Title: Re: Would this work? Video, turntable solution
Post by: andy_s on February 02, 2013, 01:06:11 PM
Harold, Lee,

wow - the grey sky just turned blue, THANKYOU guys !  :) :)

@Lee - I have a vague memory of looking at that on your site a few weeks ago [when I first discovered "photogrammetry"] - it musn't have "registered". I figured Artec must have implemented Hao'Li's [or similar] algorithm - it's what started the recent discussion on this thread. You are a true inspiration !

@Harold - i'll check your links out later but just need to go and do a 360 pirouette in the kitchen [in 1 second] first  ;). I just checked and have got slicer "bookmarked" but have promptly forgotten about it.
Current euphoria is blinding, getting ahead of myself now - I wonder if a 4 vertical camera system / 16 photoscan point-cloud / 1 second [or at least very low] capture / rotating external rig [not so dizzy!] / Hao-Li "donkey work" [don't ever let him see that description  ;)] solution is possible...

Wish I knew how cameras worked - anyone a decent link [with timings] to explain how image goes from Non Volatile Cache memory [and what size is it] -> Non Volatile RAM -> card reader OR usb and when is cache cleared [that's just me making things up as I think about it so apologies if its total twaddle]  :-[ 
Title: Re: Would this work? Video, turntable solution
Post by: hsmith on February 02, 2013, 06:42:32 PM
I know exactly how you feel, Andy, about the euphoria.  Lee, you have certainly been an inspiration for all of us, especially how you've figured out how to overcome the many technical problems associated with live scans.  Interesting about Hao Li's work with Arctec, although it's still a bit too expensive for my budget.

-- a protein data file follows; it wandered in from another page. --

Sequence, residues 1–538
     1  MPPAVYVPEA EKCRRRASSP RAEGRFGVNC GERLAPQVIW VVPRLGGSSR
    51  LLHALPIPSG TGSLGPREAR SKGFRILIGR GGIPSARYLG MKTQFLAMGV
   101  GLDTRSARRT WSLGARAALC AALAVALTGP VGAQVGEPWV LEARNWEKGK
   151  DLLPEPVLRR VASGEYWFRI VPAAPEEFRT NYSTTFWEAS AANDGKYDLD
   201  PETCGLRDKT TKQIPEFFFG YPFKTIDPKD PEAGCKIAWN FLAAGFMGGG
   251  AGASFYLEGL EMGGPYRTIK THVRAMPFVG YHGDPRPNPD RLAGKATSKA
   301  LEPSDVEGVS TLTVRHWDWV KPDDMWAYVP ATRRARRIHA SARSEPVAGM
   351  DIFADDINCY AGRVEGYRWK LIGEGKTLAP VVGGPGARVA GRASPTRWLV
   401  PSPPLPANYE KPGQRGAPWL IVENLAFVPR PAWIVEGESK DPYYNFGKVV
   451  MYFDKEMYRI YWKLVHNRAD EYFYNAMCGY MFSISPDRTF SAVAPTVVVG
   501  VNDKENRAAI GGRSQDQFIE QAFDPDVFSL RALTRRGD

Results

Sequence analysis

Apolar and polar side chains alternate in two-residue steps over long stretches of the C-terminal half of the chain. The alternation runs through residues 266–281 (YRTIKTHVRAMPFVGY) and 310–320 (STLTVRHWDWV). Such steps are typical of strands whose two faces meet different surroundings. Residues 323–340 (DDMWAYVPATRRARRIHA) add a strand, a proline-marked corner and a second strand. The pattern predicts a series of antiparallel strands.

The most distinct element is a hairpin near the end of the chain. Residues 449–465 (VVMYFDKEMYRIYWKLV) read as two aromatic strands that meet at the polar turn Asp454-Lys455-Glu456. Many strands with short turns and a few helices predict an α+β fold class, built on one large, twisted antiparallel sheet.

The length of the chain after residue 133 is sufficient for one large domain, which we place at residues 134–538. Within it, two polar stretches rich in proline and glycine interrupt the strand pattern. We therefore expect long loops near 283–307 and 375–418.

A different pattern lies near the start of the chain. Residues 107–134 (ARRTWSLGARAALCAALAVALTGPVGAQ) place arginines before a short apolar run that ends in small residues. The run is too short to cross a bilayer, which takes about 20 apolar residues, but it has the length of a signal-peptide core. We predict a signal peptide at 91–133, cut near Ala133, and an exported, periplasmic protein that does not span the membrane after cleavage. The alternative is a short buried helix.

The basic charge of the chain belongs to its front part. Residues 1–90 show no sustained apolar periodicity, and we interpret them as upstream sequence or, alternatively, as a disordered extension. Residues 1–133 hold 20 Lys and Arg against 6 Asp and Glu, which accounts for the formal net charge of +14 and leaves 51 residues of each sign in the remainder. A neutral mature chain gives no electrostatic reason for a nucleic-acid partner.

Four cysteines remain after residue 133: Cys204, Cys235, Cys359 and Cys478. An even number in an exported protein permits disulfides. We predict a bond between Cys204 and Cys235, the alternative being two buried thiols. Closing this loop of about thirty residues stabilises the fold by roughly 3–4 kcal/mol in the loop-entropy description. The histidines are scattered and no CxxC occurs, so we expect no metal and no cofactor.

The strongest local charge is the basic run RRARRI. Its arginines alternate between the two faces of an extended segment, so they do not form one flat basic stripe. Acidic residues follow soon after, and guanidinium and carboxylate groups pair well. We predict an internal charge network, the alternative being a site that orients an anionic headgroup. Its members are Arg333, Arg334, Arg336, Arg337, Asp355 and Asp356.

Speaking of problems of of the lazy-susan, I'm planning to use a camera dolly on a circular track that goes around the model, always pointing to the center to capture a (as still as possible) model.  I'll let you know how that works.

I'm using 6 Canon SX130s (got refurbished ones for about $120 each on ebay, sometimes they're cheaper).  With a lot of overlap, I'm happy with the results of inanimate models.

Sync is a challenge; I've been fairly successful using the CHDK, which most Canon point-and-shoot cameras are able to use as a multiple camera sync hack.  http://chdk.wikia.com/wiki/CHDK
Using USB cables, I can get the 6 shutters to remain open for 1/10 second, and now I'm working on some circuits to fire the studio strobes during that 1/10 second.

BTW, Andy, there are some useful posts in their forum about writing a motion trigger for lighting capture that discusses the issues you raise.  Not sure about applicability to DSLRs, however.

It's great to know there are others working on the same challenges!  Looking forward to further collaboration.

Harold
Title: Re: Would this work? Video, turntable solution
Post by: Magnus on February 04, 2013, 01:32:30 AM
Hello all!

Harold, interesting thought about dolly. I was thinking along those lines before, using something like this http://www.kesslercrane.com/kflex-s/107.htm (http://www.kesslercrane.com/kflex-s/107.htm).
Andy and I have been throwing ideas back and forth and hopefully in the not too distant future I will be able to show my build based on our exchanges.
It can maybe best be described as a wheeled, rotating light tent with cameras attached on each vertical pole, hehe. It will be manually rotating at first but later motorized.

Best, Magnus.
Title: Re: Would this work? Video, turntable solution
Post by: hsmith on February 04, 2013, 07:28:56 AM
Wow, that part about hauling the light tent around in a circle is creative!  I'm looking forward to see your build and the agisoft results.

It's amazing how bouncing ideas back and forth with other people speeds up the process.  Best of luck!

Harold